The Fed has begun implementing its new communication strategy. Here’s what the message seems to be.
Noteworthy among the information released by the U.S. Federal Reserve last week was a statement of the FOMC’s longer run goals and policy strategy. A key section reads:
The inflation rate over the longer run is primarily determined by monetary policy, and hence the Committee has the ability to specify a longer-run goal for inflation. The Committee judges that inflation at the rate of 2 percent, as measured by the annual change in the price index for personal consumption expenditures, is most consistent over the longer run with the Federal Reserve’s statutory mandate.
This represents an important step in the direction of an explicit inflation target, which some academic research suggests might help lead to greater financial stability. It’s very useful to connect this statement of longer run goals with other details released last week on what the Fed is expecting over the next several years. A key takeaway from the latter is the Fed’s expected behavior for the PCE deflator:
|Upper End of Range||–||–||–||–||–||2.5||2.3||2.1||2.0|
|Upper End of Central Tendency||–||–||–||–||–||1.8||2.0||2.0||2.0|
|Lower End of Central Tendency||–||–||–||–||–||1.4||1.4||1.6||2.0|
|Lower End of Range||–||–||–||–||–||1.3||1.4||1.5||2.0|
So the FOMC is saying that it would like inflation to be about 2% annually, but is expecting it only to be 1.4 to 2.0% over the next 3 years. Putting 2 and (less than) 2 together, the FOMC is telling us that, based on its price stability objective alone, the Fed is expecting inflation to be lower than it would like. In other words, even if the economy were at full employment, a little more stimulus would be called for. And of course, nobody thinks the U.S. is anywhere close to full employment. The Fed’s forecast is for an unemployment rate between 7.4 and 8.1% for 2013.
Interpretation: the Fed is expecting to exert some additional stimulus. Large-scale asset purchases– referred to popularly as more “quantitative easing”– are the primary tool available. So, if your motto is “don’t bet against the Fed,” then I wouldn’t bet against more QE during 2012.
But what’s the Fed waiting for? One issue is that although the Fed is expecting inflation to be below target for the next 3 years, and although the actual inflation rate has come in below their announced target over much of the last 4 years, since last April the year-over-year change in the PCE deflator has been running a bit above 2%.
The Fed is not alone in thinking that inflation will be lower over the next few years than it was in 2011. For example, the median respondent to the Federal Reserve Bank of Philadelphia’s Survey of Professional Forecasters is anticipating 1.6 to 1.8% annual headline PCE inflation for 2012 and an average over 2011-2015 of 2.1%. A new survey by the Federal Reserve Bank of Atlanta found that businesses in the southeastern United States are on average expecting their costs per unit this year to rise by 1.8%. And expected inflation as inferred from the gap between nominal and inflation-protected 5-year Treasury securities has been coming in below 2% since last summer.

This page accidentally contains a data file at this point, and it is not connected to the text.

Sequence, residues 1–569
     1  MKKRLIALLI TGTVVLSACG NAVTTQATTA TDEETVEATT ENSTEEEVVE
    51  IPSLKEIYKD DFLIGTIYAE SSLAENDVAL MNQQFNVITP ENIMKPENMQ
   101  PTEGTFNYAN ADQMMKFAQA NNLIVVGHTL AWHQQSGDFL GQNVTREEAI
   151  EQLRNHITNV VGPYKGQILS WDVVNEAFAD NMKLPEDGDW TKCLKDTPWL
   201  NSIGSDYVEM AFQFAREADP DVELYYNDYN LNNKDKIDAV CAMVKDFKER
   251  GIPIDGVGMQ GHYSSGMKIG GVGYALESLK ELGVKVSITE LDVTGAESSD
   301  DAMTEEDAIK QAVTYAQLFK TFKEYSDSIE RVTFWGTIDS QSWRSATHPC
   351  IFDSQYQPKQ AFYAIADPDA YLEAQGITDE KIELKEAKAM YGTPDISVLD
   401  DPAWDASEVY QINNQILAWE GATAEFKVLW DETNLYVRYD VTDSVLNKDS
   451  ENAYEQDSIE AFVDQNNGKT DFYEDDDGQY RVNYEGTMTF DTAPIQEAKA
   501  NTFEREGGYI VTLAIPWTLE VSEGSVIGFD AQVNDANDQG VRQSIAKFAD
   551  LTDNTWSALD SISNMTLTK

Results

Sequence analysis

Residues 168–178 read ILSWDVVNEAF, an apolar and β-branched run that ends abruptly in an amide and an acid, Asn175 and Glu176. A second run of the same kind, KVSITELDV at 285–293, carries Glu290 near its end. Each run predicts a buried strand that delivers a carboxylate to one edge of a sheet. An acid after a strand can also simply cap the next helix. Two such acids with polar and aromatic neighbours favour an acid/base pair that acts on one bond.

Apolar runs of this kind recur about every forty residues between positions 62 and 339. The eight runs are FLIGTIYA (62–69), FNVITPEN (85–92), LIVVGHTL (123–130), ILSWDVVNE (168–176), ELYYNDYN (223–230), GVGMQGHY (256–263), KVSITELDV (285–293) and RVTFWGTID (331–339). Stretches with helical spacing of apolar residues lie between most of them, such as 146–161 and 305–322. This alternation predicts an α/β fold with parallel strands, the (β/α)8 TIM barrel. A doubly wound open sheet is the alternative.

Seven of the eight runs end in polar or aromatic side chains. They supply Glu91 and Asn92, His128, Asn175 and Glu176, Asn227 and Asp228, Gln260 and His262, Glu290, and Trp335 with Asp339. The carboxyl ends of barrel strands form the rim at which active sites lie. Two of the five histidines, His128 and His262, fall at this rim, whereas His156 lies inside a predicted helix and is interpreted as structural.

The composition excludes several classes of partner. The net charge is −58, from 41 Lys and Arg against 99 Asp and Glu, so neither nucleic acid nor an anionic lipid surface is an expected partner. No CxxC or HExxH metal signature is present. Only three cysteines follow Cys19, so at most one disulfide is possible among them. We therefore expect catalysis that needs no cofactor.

But although professionals may be inclined to agree with the Fed, ordinary Americans seem less so. The University of Michigan survey of consumer attitudes has been reporting expected inflation rates that are a hundred basis points higher than the professionals.
Why worry about inflation at all, even if the public is right and it turns out to be 3%? Here I think the key question is the limits on what the Fed could do to help. Do higher inflation rates really help the economy, and, once we open that door, could the Fed keep it under control without further economic damage? As long as there is a non-neglible prospect of outright deflation, there’s no question in my mind that trying to get a little more inflation is a good idea. A Fed policy of communicating clearly that they’re simply not going to allow deflation has always made a lot of sense to me. But once inflation goes above 3%, it’s far less clear that more monetary stimulus can do any good.
Could the Fed forge ahead anyway, with a communication strategy of, “yes, we know many of you are expecting higher inflation, but we’re the experts and we say you’re wrong”. Unfortunately, a key element of the success of anything the Fed tries to do is that the market has to believe the Fed can and will carry out what it says. Credibility is the only reason that the Fed’s announcement that conditions “are likely to warrant exceptionally low levels for the federal funds rate at least through late 2014” has any effect at all. For that matter, the market signal that is generated by large-scale asset purchases may be a key mechanism by which QE itself makes any difference. Without credibility, the Fed is only a paper tiger. The more political opposition the Fed faces, the less it can actually accomplish.
The Fed would like to do more, and expects it may soon have to do more. But it isn’t ready to act quite yet.
This post originally appeared at Econbrowser and is posted with permission.